TRANSCRIPT Bullseye with Jesse Thorn: Bob Kendrick, President of the Negro League Baseball Museum

This week, we’re talking baseball! Our guest is Bob Kendrick, the president of the Negro League Baseball Museum in Kansas City. He’s here to talk about the importance of Black Americans in shaping modern American baseball, the talent and legacy of the Negro Leagues players, and how he’s celebrating the 100th anniversary of the founding of the Negro Leagues. All that and more on this week’s Bullseye!

Guests: Bob Kendrick

Transcript

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Speaker: Bullseye with Jesse Thorn is a production of MaximumFun.org and is distributed by NPR. [Music fades out.]

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jesse thorn

Coming to you from my home in the city I live in, the city of angels, it’s Bullseye. I’m Jesse Thorn. Didn’t write that. Just about every year on Bullseye, we bring you a week dedicated to my favorite sport, baseball. We usually try and put it out around opening day. Of course, baseball is very different this year. The season started late, the stadiums are almost empty, and by the time the airs, it’s possible that the season will not exist anymore. So, this year’s Bullseye Baseball Week is gonna be a little different, too. We’re gonna talk about baseball’s history. First up: an interview with Bob Kendrick. Bob is the president of the Negro League Baseball Museum. He’s had that job for almost a decade. The NLBM is pretty much the only place in the world dedicated to telling the story of the Negro Leagues—the leagues that gave rise to players like Hank Aaron, Jackie Robinson, Willie Mays, and Satchel Paige. Not to mention, of course, the many players who were never allowed to play Major League Baseball. Bob and I had a really great conversation, so I won’t say much more than that, ‘cause I wanna get out of the way. But I’ll just say that even if you aren’t a fan of baseball, I really encourage you to hear what Bob has to say about this remarkable piece of Americana. Let’s listen.

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jesse

Bob, welcome to Bullseye. I’m so grateful to have you on the show.

bob kendrick

Well, I certainly appreciate the opportunity to join you. Thanks for having me.

jesse

So, Bob, this is the 100th anniversary of the start of the Negro Leagues, and I want to talk about the Negro Leagues in a minute. But it occurred to me that I should ask in what context were African Americans and other dark skinned people, in the United States, playing professional baseball before 100 years ago, before 1920? [Bob affirms.] Because professional baseball goes back decade before that.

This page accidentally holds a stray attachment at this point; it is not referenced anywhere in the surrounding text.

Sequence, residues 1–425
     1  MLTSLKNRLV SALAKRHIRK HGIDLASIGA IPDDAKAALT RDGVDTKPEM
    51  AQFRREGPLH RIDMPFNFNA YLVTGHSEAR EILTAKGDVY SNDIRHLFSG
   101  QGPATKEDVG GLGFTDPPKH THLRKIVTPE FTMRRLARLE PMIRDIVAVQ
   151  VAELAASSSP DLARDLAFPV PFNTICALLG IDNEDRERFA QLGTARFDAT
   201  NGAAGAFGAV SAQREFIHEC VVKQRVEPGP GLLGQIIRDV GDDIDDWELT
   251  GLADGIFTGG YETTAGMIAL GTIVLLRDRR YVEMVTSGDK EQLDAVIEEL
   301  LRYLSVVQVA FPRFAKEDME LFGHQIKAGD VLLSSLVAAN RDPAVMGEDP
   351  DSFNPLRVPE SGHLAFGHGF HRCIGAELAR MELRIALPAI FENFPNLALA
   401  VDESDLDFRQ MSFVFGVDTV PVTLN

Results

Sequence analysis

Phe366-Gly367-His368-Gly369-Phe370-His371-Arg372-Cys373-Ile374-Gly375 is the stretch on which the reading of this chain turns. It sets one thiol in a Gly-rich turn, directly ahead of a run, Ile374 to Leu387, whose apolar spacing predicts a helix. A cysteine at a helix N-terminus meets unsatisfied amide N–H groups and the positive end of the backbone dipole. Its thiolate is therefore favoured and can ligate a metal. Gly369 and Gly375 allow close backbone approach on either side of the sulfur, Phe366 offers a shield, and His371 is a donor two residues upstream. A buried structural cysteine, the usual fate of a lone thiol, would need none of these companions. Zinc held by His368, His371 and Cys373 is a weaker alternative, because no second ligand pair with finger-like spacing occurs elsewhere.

bob

Oh, absolutely. And African Americans playing professional baseball goes well before the actual formation of the Negro Leagues, here in Kansas City in 1920. Jesse, we’ve been playing baseball since the late 1800s. And, actually, there was some evidence of African Americans playing even while being enslaved. So, it was certainly not a new phenomenon for Black folks to play baseball. Unfortunately, it was so haphazard. And booking agents were taking all of the money. So, you had all these independent Black baseball team owners, and it just lacked the organized structure. And even before the Negro Leagues were formed in Kansas City, there had been some failed efforts to do a structured Negro Leagues. But in 1920, under the brilliance of Andrew “Rube” Foster, it got the necessary guidance and structure that it needed to succeed.

jesse

Were there integrated teams before 1920, at any point?

bob

Yeah, there were. There were several instances where Blacks had gotten onto what would be considered a Major League team. Moses Fleetwood Walker playing for the Toledo team in the late 1800s. Edward White who was very light skinned—I’m not sure they knew that he was Black—having played on what would be considered a Major League team even before Moses Fleetwood Walker. Bud Fowler, guys like that who did integrate teams prior to Jackie Robinson breaking the color barrier in 1947. But as we like to say, Robinson broke the color barrier in the modern era of Major League Baseball, after those players had been banned. And so, that’s 60 years later that Jackie comes along, after Moses Fleetwood Walker, and breaks the color barrier with the Brooklyn Dodgers.

jesse

So, in the 30 or 40 years before 1920, when professional baseball was being played pretty extensively in the United States, mostly African American players were playing on kind of wildcat, barnstorming teams. Teams that would come to town and play the team that happened to be there?

bob